RETAIL INVESTMENT A ‘PERFECT STORM’ OF METRICS

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GlobeSt

IRVINE, CA—Historic low interest rates, scarcity of product and record-high investor demand are some of the metrics fueling investor confidence, Hanley Investment Group’s president Edward B. Hanley tells GlobeSt.com. We spoke exclusively with Hanley fresh off the recent ICSC conference in New York about some of the retail trends he’s noticing and what he predicts will happen in this sector during 2015.

GlobeSt.com: What is fueling the confidence that has led to such a strong transaction year?

Hanley: The past year has been one of our strongest transaction years because the retail investment market has recovered to a point in what could be described as a “perfect storm” of historic low interest rates, scarcity of product and record-high investor demand. The overall velocity of transactions may not be at the rapid pace of the last peak of the cycle, but lower vacancy and sustainable and increasing rental rates, along with select tenant growth and expansion, are some of the metrics fueling investor confidence. I expect the number of retail properties sold in 2014 will set new industry records.

GlobeSt.com: What trends do you see regarding transactions in 2015?

Hanley: Through the next 12 months, we anticipate a steady increase in the number of retail investment property transactions. I do not foresee a drastic increase, but instead a consistent rise coming out of the past years’ success. We know cap rates are still low, which is inviting sellers to bring their properties online. However, that still won’t match the demand from buyers, both foreign and domestic, in 2015. Like 2014, sellers will continue to have a wide selection of potential buyers.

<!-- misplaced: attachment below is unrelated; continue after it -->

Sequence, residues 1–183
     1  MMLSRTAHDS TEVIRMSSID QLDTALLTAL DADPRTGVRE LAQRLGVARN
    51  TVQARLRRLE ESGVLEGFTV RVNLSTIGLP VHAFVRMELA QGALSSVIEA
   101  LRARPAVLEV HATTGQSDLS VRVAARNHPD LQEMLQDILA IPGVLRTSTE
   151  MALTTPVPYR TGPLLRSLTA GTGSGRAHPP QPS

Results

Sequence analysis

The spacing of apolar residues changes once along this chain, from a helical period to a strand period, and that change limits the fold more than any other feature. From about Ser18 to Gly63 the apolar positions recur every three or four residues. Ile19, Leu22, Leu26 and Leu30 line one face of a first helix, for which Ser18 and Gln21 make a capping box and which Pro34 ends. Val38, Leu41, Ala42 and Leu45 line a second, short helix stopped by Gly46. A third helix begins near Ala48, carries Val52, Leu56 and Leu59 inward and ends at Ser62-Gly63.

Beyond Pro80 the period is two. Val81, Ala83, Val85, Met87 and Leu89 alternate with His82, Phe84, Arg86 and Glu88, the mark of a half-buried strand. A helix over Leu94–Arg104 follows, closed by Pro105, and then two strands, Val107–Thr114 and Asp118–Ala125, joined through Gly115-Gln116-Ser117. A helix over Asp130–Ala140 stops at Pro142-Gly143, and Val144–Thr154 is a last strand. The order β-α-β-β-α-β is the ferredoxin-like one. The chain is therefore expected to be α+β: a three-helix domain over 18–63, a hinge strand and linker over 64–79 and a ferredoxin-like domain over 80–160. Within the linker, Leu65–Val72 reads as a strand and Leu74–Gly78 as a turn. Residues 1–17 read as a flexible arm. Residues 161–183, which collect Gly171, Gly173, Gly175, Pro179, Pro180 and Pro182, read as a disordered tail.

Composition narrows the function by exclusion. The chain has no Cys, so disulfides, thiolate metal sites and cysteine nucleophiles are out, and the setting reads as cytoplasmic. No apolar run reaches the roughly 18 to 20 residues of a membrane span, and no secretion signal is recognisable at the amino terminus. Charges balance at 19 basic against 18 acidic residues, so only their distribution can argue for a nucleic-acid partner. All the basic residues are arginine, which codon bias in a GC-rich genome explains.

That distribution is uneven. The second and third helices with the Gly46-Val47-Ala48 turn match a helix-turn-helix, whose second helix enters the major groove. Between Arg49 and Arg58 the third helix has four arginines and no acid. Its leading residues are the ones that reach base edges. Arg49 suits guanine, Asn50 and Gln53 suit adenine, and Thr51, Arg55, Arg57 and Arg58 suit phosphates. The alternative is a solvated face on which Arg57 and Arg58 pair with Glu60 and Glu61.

Because California markets are currently one of the highest priced in the country, a number of California investors are looking to place capital outside of the state. Foreign investors continue to deploy capital into the state and country, and are increasingly attracted to net-lease properties due to low maintenance requirements from an owner’s perspective, and I don’t anticipate this changing anytime soon.

Additionally causing an increase in sales is the tremendous amount of maturing debt. Approximately 50% of these owners in 2015 may decide to sell instead of refinance to take advantage of the high demand and low cap rates.

Discussions at ICSC in New York confirmed that many property owners have realized the appreciation of their assets and recognize the opportunity at hand. Though this appears to be a “perfect” stage in the market for a seller, I can’t stress enough how vital it is to confirm a brokerage firm’s pre-marketing due diligence and expertise in underwriting assets. Proper due diligence, paired with solid underwriting, sets the pace and success of all property transactions.

Something else to be mindful of is that there has been chatter about a potential change in the 1031 exchange tax code. Any change may not take effect immediately, but owners that want to take advantage of these tax benefits and current low interest rates should act quickly. As owners identify their opportunity, I anticipate this will also cause an increase in property transactions.

GlobeSt.com: Do you anticipate that 2015 will surpass 2014 in terms of transaction volume and pricing?

Hanley: As we move into 2015, I anticipate prices remaining fairly consistent. Yes, demand is high, allowing sellers to entertain the highest bidder; however, due to the maturing loans and potential change to the 1031 exchange program I mentioned, the supply should increase.

Though we’ve had a strong year both in the sale of multi-tenant and anchored shopping centers, the demand for single-tenant net-lease properties has greatly increased nationwide. As more and more investors recognize the opportunity in these types of properties, we anticipate a strong increase in activity in that sector. There is a bit of fluctuation in the volume and pricing across single-tenant assets, but that varies across different markets nationwide. Across the board, current values of net-lease properties are far exceeding “bubble” pricing of 2005-2007, so it is increasingly important for investors to pay attention to the core fundamentals of each property.

GlobeSt.com: What do you feel will be the most significant overall trends among retail tenants next year?

Hanley: Landlords and tenants alike will continue to focus on providing an “experience” for their shoppers in order to balance the challenges the Internet is presenting to brick and mortar. Also, watch for a new grocer to appear on the West Coast market due to the recent grocery mergers, per the FTC’s rules.